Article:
PA school district pays $40K to FFRF, removes Ten Commandments monument to end lawsuit.
An atheist group won a lawsuit against a Pennsylvania School District to remove the Ten Commandments monument. The court battle has finally met a conclusion with the New Kensington-Arnold School District paying the Freedom From Religion Foundation, the nation’s largest atheist group, a sum of $40,000, besides getting the monument removed.

The 6-foot monument has stood since 1957 and has been a point of controversy since 2012, when a lawsuit was first filed for its removal. The District has now promised that it would get the monument removed within a month. New Kensington-Arnold School District Superintendent John Pallone described the compromise as the District choosing to take the high road.

The issue first popped up when Marie Schaub, an atheist and mother of a student at the Valley High School, filed a case in 2012 because the monument was offensive to her. She also said that the monument was ‘strictly religious’ and had no business to be on the school grounds. In 2015, a federal judge dismissed the case on the grounds that she had withdrawn her daughter from the school and as such there was no question of her feeling offended by something that was in the school compound.

A month later, however, the case swung back into the court with a Third Circuit Court of Appeals ruling that Schaub’s withdrawal of her daughter from the school showed how the religious symbol hurt her sentiments. Now, almost a decade later, Schaub feels relieved that the case is over and thanked the Freedom From Religious Movement for their involvement in the case which she feels was a great help in winning the case. Schaub also hopes the victory will set an example and show the importance of separating Church and State to the people.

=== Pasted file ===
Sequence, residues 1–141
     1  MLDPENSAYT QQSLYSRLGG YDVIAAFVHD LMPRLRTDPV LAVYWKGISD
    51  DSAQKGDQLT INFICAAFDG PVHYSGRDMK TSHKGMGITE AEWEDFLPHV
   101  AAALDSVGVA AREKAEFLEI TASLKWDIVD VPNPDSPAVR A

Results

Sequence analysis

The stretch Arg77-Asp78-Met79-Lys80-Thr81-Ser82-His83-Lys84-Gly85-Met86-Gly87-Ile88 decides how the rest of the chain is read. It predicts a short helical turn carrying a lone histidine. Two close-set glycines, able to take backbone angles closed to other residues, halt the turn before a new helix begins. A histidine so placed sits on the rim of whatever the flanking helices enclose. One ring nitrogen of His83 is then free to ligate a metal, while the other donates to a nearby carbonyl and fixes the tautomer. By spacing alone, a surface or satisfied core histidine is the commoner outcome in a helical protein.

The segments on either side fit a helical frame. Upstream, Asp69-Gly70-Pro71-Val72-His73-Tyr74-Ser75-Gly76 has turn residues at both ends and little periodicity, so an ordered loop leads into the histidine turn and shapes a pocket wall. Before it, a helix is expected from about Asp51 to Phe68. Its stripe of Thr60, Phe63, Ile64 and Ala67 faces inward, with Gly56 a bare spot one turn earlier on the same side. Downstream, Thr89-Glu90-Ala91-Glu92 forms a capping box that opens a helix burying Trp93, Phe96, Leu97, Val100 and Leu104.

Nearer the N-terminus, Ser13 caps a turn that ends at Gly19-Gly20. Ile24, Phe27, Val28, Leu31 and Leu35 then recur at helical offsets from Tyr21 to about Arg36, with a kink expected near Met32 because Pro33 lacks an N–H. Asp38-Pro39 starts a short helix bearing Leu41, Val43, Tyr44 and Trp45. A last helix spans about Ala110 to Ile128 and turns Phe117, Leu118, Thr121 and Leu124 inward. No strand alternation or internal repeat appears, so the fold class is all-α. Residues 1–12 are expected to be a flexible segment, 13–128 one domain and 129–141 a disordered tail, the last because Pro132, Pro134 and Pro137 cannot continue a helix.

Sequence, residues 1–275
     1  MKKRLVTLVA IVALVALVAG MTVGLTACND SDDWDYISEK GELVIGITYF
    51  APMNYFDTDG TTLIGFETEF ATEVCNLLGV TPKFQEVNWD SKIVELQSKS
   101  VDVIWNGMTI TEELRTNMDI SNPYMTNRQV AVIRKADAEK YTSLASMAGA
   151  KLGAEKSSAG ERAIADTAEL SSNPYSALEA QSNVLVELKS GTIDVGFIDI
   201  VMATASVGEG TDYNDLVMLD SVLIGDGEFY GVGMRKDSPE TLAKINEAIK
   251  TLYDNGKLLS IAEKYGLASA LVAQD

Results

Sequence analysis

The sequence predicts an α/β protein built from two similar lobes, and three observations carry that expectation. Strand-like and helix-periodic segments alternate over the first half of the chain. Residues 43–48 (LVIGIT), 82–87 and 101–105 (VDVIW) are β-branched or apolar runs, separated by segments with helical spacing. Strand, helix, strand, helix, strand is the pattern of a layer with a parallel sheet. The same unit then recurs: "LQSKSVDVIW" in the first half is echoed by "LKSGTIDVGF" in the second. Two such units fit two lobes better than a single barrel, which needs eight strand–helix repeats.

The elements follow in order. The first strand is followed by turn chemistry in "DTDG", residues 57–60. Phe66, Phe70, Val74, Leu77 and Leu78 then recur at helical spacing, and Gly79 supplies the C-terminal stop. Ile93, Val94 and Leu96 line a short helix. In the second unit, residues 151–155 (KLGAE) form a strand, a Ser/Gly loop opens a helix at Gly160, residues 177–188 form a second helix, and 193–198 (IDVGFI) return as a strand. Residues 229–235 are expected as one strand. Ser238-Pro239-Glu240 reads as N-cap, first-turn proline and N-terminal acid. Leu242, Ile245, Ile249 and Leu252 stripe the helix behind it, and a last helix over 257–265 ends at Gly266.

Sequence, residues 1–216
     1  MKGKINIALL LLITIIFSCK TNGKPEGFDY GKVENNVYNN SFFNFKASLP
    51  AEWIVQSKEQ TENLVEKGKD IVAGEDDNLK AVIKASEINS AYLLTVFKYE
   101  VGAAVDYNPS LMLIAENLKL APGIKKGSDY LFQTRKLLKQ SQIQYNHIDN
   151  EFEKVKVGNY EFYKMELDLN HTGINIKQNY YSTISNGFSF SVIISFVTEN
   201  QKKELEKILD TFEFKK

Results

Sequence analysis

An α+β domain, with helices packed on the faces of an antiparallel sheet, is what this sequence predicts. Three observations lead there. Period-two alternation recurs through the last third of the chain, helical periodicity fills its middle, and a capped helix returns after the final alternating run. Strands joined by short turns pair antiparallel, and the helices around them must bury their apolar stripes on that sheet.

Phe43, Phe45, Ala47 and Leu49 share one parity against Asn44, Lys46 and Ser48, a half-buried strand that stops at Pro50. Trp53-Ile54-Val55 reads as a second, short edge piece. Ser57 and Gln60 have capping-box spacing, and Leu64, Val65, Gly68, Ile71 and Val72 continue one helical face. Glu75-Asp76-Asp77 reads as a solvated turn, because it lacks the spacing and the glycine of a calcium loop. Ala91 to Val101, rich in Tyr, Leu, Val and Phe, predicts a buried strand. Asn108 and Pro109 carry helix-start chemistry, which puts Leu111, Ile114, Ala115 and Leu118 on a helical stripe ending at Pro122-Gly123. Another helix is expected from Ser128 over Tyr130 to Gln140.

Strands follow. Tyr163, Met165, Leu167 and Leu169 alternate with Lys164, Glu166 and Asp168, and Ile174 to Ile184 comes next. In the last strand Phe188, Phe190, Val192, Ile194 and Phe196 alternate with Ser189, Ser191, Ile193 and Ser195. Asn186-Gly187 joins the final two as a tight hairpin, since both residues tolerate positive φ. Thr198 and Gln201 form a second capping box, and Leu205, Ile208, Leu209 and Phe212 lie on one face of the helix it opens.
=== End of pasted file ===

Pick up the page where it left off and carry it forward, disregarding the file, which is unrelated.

Pallone, however, believes the monument shouldn’t have hurt anyone’s religious sentiments at all because it is placed in a location that isn’t very prominent. He claims he himself never noticed it although he attended school there. He believes the monument may now find a more prominent location because a number of private property owners are interested in acquiring it.

The monument was a gift by the Fraternal Order of Eagles as part of a nationwide drive, in response to the movie ‘The Ten Commandments’ that was released in 1956.

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